Bob Schulmann and his younger sister, Faye Dorn, have been concerned about their childhood home where their mom still lives. They think it is unsafe for her to live alone, so they are talking about moving their mother into an assisted living facility. However, this brings another set of problems.
“My mom’s home is too costly to maintain; the best thing is to sell it, but my sister is against it,” says Schulmann. “She just can’t part with it, at least while mom’s alive.”
As we are in the middle of the summer real estate season, some families may be pondering the same difficult decision: Should we or shouldn’t we sell mom’s home? There are many factors to consider, including financial, legal and, probably the most difficult, emotional.
“It is fairly common for family members to be attached to the home in which they grew up or that their parent lived in for a long time. However, many times it is not financially feasible to keep the home once the parent is no longer living there,” says Linda Fodrini-Johnson, MA, MFT, CMC, founder and executive director of Eldercare Services and a past president of the National Association of Professional Geriatric Care Managers. Due to many families facing this same dilemma, she has created a helpful checklist for families to run through before they make a decision whether to keep or sell their parent’s home.
It might not be necessary to sell Mom’s home because it might not actually be necessary for her to move. If the list of options is exhausted, Fodrini-Johnson recommends other items to consider before selling the home.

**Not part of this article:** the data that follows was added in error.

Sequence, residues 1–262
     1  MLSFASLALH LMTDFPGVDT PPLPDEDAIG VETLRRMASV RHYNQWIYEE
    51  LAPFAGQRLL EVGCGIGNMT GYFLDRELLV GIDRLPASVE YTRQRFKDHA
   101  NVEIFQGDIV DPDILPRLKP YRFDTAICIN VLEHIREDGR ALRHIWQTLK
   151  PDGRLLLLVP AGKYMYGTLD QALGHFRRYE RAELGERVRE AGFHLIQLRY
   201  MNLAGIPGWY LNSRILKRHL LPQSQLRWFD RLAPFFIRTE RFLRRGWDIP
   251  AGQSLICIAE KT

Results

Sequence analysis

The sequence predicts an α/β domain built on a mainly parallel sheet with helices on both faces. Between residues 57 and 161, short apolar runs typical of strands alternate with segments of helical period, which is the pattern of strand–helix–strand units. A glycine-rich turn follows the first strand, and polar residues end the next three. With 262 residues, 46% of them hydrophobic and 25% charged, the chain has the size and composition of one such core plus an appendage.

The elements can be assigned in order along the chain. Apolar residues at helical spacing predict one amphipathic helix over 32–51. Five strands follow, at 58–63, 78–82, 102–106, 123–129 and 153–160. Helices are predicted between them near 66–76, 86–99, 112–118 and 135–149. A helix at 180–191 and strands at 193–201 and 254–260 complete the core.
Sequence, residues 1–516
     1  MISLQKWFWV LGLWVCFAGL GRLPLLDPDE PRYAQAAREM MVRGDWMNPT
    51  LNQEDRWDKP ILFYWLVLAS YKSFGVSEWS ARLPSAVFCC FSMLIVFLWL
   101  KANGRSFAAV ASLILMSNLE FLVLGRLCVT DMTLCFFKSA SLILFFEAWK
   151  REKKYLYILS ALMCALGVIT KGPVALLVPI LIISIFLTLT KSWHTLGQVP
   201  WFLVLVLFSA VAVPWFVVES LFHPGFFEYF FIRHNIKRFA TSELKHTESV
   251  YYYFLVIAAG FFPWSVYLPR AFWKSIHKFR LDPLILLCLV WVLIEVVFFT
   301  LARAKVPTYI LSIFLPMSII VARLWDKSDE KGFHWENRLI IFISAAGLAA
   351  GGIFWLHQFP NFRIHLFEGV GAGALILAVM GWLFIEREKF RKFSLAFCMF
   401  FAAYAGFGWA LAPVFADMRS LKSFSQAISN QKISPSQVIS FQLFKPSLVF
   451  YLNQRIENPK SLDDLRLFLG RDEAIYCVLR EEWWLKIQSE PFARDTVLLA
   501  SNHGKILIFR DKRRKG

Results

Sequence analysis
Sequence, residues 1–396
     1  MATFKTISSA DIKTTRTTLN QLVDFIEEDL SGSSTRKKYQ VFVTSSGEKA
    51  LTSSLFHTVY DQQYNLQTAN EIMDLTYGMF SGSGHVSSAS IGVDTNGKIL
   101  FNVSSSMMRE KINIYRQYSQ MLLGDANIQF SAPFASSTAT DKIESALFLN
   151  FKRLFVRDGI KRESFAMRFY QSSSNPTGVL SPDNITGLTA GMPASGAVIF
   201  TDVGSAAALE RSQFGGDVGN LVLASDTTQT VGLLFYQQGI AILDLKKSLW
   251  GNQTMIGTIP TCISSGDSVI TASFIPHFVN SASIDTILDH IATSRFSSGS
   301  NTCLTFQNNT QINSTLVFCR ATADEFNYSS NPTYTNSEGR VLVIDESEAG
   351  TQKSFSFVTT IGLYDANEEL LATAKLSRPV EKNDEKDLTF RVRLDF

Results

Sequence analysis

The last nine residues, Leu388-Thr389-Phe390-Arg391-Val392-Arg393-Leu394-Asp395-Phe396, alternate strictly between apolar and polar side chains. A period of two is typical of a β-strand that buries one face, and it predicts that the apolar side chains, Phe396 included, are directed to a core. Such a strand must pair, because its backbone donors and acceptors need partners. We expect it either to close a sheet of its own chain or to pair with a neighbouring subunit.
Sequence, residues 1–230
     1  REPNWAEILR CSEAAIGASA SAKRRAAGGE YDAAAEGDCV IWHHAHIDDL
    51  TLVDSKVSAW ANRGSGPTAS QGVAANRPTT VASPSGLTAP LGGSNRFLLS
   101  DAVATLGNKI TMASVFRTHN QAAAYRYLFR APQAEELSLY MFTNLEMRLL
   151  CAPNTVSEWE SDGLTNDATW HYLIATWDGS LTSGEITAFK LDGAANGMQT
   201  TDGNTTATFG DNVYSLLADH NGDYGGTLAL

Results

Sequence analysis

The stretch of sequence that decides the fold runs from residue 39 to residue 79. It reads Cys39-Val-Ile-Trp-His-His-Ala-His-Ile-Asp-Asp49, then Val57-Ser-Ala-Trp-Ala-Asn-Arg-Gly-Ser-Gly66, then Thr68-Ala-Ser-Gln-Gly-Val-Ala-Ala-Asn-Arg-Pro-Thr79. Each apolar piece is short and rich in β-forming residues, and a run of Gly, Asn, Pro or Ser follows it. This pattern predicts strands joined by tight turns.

“Was a reverse mortgage specialist consulted to see if the home’s value can cover the cost of assisted living care? A professional care manager is a great resource to bring in to help go through these and many other questions, as well as to help with the emotional side of it all,” says Fodrini-Johnson.
Additional items on the checklist to consider before selling your parents’ home include:
• Consider renting the entire house if mom does need to move.
• Is there a family member who could provide care in exchange for a place to live? If so, who will monitor this arrangement so there is no possible elder abuse?
• Have you consulted a professional about entitlements and/or community resources that assist elders in the home?
• If your family member or their spouse was a veteran who served during wartime, did you check for benefits?
• Would technology help lower cost, protect safety, and bring in help in an emergency?